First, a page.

Prior to 1973, Tennessee counties were subject to the state’s sovereign immunity for governmental acts, but were liable for damages resulting from proprietary activities. Governmental acts were those activities that were peculiar to governments, or activities only governments could provide, such as police protection, fire protection, education or tax collection. Proprietary activities were those that could be provided by private as well as governmental entities, such as water and sewer service, electrical services and mass transit.
In 1973, the Tennessee General Assembly enacted the Tennessee Governmental Tort Liability Act (T.C.A. § 29-20-101 et seq.), which provides that counties are immune under state law from all suits arising out of their activities, either governmental or proprietary, unless immunity is specifically removed by the law. It is important to remember that this immunity does not extend to liability under federal law.
In cases where the county is immune, county officials and employees may be individually liable, but only up to the liability limits established in the Tennessee Governmental Tort Liability Act. T.C.A. § 29-20-310(c). When the case is one where the county can be liable, the official or employee is immune. T.C.A. § 29-20-310(b). Willful, malicious or criminal acts, or acts committed for personal gain, do not fall under the personal liability protective provisions of the Tennessee Governmental Tort Liability Act (nor do medical malpractice actions brought against a health care provider).
Members of all county boards, commissions, agencies, authorities and other governing bodies created by public or private act, whether compensated or not, are absolutely immune from suit under state law arising from the conduct of the entity’s affairs. This immunity is removed when the conduct is willful, wanton or grossly negligent. T.C.A. § 29-20-201.
Areas in which the Tennessee Governmental Tort Liability Act removes governmental immunity (i.e., kinds of actions for which the county can be sued) are:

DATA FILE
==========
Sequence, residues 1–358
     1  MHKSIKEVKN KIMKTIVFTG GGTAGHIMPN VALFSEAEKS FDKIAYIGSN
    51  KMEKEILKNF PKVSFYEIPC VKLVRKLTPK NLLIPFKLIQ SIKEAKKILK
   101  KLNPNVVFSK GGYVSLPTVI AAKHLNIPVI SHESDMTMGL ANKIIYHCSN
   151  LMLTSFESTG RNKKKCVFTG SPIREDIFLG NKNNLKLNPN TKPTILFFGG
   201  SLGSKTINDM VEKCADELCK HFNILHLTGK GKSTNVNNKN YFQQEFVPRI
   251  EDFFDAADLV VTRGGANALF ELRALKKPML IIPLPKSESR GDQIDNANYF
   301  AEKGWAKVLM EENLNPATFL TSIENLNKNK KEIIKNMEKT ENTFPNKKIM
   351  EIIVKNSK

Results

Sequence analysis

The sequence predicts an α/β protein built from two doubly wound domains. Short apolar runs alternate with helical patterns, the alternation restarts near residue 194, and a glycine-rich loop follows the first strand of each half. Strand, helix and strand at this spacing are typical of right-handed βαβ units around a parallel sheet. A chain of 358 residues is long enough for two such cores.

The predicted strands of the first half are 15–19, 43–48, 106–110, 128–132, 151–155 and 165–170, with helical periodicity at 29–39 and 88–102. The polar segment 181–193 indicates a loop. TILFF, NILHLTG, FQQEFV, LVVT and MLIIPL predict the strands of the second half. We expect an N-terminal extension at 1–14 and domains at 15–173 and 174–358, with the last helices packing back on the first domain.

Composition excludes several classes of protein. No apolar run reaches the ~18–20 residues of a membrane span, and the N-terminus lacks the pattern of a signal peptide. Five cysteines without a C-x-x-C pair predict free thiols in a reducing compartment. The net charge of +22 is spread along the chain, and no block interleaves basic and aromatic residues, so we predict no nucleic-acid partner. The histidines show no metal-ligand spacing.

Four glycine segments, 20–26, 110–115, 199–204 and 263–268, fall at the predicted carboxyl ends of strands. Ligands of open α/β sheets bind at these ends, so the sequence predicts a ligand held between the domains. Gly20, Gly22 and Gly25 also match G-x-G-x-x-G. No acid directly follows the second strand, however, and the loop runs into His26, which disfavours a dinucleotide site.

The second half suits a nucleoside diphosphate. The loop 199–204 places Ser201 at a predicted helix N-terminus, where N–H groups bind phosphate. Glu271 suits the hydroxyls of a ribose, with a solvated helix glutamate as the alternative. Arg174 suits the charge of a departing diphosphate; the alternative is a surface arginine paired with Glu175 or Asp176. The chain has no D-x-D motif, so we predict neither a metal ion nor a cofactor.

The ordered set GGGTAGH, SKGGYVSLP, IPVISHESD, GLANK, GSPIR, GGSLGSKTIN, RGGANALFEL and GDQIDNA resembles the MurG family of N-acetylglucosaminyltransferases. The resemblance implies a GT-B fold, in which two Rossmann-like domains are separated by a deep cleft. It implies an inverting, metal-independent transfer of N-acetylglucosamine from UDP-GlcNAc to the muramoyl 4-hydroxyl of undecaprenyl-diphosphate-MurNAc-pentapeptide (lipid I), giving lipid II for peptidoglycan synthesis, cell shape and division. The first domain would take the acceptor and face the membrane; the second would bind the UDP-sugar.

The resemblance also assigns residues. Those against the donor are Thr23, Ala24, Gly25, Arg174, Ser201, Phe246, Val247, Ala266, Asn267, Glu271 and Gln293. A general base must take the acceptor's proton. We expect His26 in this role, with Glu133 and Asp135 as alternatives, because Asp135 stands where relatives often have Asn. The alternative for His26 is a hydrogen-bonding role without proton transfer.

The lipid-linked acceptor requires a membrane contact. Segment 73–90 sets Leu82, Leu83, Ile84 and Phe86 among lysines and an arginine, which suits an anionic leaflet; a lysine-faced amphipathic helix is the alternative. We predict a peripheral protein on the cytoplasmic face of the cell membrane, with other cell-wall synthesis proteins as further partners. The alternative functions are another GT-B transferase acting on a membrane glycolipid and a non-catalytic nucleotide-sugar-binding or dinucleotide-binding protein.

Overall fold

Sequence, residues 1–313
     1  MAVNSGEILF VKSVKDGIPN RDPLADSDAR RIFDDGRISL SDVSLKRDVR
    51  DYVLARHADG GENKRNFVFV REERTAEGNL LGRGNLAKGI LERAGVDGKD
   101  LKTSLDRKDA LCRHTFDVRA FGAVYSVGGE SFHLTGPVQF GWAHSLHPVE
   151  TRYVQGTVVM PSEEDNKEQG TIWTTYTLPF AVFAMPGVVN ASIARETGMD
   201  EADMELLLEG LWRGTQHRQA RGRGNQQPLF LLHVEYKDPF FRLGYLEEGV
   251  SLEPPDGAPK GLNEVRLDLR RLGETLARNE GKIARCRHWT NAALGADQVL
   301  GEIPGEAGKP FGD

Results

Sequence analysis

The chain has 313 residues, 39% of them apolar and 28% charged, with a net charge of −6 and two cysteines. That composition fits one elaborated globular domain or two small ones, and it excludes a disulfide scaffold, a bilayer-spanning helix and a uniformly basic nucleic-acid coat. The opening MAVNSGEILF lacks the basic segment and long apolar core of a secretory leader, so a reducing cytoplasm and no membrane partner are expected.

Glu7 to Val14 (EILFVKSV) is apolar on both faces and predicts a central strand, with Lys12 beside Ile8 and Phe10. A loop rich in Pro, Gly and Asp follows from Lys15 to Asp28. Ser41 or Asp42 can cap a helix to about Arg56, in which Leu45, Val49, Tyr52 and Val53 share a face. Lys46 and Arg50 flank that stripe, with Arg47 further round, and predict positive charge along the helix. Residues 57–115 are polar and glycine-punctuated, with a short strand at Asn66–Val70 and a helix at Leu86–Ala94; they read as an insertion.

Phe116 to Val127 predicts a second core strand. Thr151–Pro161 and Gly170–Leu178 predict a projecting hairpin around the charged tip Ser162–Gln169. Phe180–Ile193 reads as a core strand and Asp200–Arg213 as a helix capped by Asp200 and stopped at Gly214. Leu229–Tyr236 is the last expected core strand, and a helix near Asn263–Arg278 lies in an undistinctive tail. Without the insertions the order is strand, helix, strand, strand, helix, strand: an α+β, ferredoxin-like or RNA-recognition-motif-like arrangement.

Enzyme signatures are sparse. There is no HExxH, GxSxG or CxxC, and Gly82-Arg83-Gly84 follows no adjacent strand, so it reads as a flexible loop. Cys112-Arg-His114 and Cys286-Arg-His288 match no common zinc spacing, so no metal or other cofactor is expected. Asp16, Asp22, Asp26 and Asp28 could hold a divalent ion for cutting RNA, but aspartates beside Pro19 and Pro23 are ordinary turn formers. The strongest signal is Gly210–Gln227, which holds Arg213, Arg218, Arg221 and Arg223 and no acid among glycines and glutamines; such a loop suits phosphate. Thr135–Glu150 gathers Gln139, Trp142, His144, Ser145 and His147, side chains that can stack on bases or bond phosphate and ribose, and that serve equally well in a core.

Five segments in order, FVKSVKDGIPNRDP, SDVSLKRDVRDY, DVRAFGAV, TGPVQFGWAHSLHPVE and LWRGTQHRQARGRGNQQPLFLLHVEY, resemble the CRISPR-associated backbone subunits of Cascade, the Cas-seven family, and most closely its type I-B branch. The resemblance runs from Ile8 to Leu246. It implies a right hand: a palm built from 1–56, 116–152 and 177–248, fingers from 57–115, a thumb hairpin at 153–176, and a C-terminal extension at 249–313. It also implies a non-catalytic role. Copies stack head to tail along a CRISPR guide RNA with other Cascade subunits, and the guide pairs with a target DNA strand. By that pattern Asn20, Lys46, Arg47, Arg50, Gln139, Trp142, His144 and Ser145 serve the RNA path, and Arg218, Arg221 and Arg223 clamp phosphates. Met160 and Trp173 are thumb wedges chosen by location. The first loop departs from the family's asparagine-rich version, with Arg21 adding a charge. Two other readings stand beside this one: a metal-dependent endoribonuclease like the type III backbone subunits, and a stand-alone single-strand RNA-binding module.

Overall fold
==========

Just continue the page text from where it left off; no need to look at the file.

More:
There are exceptions to these areas where immunity is removed. These activities, for which the county is immune under state law, but for which an officer or employee may be liable, include claims arising from:
Persons other than elected or appointed officials and members of boards, agencies and commissions are not considered county employees for purposes of the Governmental Tort Liability Act unless the court specifically finds that all of the following elements exist:
A regular member of the county voluntary or auxiliary fire fighting, police or emergency assistance organization is considered to be a county employee without regard to the elements listed above. 29-20-107(d). The county cannot extend immunity to independent contractors or other persons or entities by contract. T.C.A. § 29-20-107(c).
The county may now insure, either by self-insurance or purchasing insurance, or indemnify (up to the new limits set in the Tennessee Governmental Tort Liability Act) its employees and officials for their liability exposure under the Tennessee Governmental Tort Liability Act. T.C.A. § 29-20-310(c).
The following liability limits under the Tennessee Governmental Tort Liability Act (T.C.A. § 29‑20‑403) are for occurrences or accidents occurring on or after July 1, 2007 and are as follows:
|Type of Claim||Limit|
|Bodily injury or death of any one person in any one accident, occurrence or act||$300,000|
|Bodily injury or death of all persons in any one accident, occurrence or act||$700,000|
|Injury to or destruction of property of others in any one accident||$100,000|
It is very important to know that these limits do not apply to federal civil rights actions in state or federal courts.
Actions under the Governmental Tort Liability Act must be commenced within 12 months after the cause of action arises (T.C.A. § 29-20-305), like other tort claims. This one-year statute of limitations can be extended when claims involve persons under legal disabilities (incompetents, minors, etc.) or when the injured party has reasonably failed to discover the existence of his or her cause of action against the county, county officials or employees